Simple truths, complex lies.

“The truth shall set you free.” “Truth hurts.” Have you heard these sayings?

Put together, these two aphorism can explain why we sometimes don’t feel as free, liberated or alive as we possibly could.  Often, the truth can really hurt. We don’t wish to face the truth because of the unpleasantness or pain it might bring.

It is human nature to seek pleasure and avoid pain. In our instinctive urge to avoid pain, we  often shortchange ourselves and forgo the joy, pleasure, or freedom that is otherwise available to us.

Let me confess on a truth that I have been avoiding. I’m good at starting, and poor at finishing. There is a saying in Malay that describes it well – “Hangat hangat tahi ayam.”  It translates literally to “Like the heat of a chicken’s poop” – that remains hot only briefly, and then cools down shortly after.  Clearly, I had issues with sustainability.

Take writing a book for example, I have lost count of the number of unfinished projects that I had started over the past decade.  With the exception of an ebook (A Concise Guide to the NEW RULE of Positive Parenting), which I wrote hurriedly in 2 weeks so as to honor my promise to offer it as a Mother’s Day gift to over 500 participants of a public parenting seminar I conducted, none of my other writings had come close to completion.

I used to give myself excuses like … “I don’t think that’s worth publishing”, “There is a more exciting title”, “I’ll complete it during my next break”, etc.  In truth, these were simply complex lies that the ego had fabricated to justify my incompletion.  The simple truth is – I lacked the discipline to write a book.  Having a brilliant idea, a compelling vision, and even a strong desire to realise the idea, just isn’t enough.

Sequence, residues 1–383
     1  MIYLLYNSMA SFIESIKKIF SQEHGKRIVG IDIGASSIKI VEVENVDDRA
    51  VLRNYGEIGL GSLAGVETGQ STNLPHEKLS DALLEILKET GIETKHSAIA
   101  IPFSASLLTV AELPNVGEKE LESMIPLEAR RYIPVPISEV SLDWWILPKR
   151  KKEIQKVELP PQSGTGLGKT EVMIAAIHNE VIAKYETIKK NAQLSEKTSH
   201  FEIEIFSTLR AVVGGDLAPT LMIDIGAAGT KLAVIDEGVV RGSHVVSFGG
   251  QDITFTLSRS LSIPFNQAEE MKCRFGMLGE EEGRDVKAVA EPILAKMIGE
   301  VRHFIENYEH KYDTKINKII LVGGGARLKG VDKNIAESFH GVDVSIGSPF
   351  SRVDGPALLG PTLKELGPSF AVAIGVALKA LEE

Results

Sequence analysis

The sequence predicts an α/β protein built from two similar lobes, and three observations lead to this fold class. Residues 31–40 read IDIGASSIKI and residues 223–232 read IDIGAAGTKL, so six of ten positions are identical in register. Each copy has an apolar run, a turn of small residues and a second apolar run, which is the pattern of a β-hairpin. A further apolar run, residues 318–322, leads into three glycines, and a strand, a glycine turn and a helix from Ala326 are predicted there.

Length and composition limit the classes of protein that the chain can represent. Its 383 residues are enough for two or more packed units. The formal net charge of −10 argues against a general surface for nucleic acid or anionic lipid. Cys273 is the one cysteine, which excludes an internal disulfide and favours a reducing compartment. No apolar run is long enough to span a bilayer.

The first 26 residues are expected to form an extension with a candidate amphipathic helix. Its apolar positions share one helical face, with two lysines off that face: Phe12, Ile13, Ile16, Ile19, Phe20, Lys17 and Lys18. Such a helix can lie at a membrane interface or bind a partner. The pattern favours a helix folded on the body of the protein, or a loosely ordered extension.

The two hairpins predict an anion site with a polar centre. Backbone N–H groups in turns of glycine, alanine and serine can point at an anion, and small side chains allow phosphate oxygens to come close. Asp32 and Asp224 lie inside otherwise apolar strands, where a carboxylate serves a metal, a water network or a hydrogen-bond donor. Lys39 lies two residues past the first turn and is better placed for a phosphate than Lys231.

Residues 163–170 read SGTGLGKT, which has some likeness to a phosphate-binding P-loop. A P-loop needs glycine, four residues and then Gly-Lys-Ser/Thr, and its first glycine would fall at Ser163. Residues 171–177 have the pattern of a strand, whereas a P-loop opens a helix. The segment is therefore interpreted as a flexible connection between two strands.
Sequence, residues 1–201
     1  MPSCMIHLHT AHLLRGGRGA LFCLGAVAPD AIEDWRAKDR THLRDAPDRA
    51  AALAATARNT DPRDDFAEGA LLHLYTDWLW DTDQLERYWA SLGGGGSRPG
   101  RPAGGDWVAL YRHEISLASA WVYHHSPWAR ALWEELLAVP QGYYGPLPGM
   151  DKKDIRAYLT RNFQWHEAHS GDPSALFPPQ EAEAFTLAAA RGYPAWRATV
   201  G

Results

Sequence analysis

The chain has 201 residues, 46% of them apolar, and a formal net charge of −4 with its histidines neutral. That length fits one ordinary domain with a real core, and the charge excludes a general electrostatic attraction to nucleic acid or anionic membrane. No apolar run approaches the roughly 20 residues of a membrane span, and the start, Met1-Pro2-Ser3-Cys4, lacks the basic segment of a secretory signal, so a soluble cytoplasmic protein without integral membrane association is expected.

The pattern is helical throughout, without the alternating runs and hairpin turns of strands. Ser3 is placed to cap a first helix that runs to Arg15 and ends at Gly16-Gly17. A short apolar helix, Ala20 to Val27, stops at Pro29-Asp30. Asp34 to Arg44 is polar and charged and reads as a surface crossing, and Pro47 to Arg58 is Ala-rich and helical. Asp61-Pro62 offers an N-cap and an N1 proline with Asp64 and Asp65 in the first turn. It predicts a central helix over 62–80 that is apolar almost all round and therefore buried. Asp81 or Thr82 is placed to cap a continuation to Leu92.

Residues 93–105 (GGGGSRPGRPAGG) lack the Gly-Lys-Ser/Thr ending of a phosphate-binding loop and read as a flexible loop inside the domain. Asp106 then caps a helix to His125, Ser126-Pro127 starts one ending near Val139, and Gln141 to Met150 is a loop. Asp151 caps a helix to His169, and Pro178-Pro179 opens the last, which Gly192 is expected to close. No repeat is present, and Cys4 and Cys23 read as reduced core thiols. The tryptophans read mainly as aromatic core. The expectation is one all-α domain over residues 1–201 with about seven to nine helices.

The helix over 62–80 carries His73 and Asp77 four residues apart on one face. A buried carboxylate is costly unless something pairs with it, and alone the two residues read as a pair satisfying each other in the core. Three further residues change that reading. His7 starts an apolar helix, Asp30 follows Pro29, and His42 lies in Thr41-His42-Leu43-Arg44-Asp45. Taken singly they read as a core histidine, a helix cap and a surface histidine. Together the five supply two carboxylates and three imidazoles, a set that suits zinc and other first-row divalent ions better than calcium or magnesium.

I am convinced now that any endeavor that is worthwhile involves some degree of hard work, persistence, and perseverance.  I have absolutely no problem with working hard, especially when I’m on fire.  However, keeping that up over a sustain period of time is what I struggle with.

In hindsight, I realise why I took up running in early 2011, and eventually ran a half-marathon in December.  It wasn’t about losing weight (shedding 0.1kg in after a full year of regular running is a pathetic achievement). Instead, it’s about finding a way to prove to myself that I’m capable of ‘finishing’ what I had started.

I did it! I survived 21km without much pain.  And more importantly, it was the discipline of adhering to the 16-week training schedule that conditioned my body for the distance.

Honestly, I’m more proud of sticking to the structure, than completing the run. Now, I  strive to apply that newly found discipline to bring my long overdue book projects to completion.

Yes, I was once a poor finisher. Confronting that unpleasant truth liberates me to live more fully.  Son, remember the message at the 5km mark: “Pain is temporary, pride is forever.” Whenever you find yourself caught up with the lies or excuses to justify why you didn’t get the results you deserve, get off it and choose to see the simple truth, even if it hurts.  Let the truth set you free and journey forward with pride!

Love,

Your Liberated Dad

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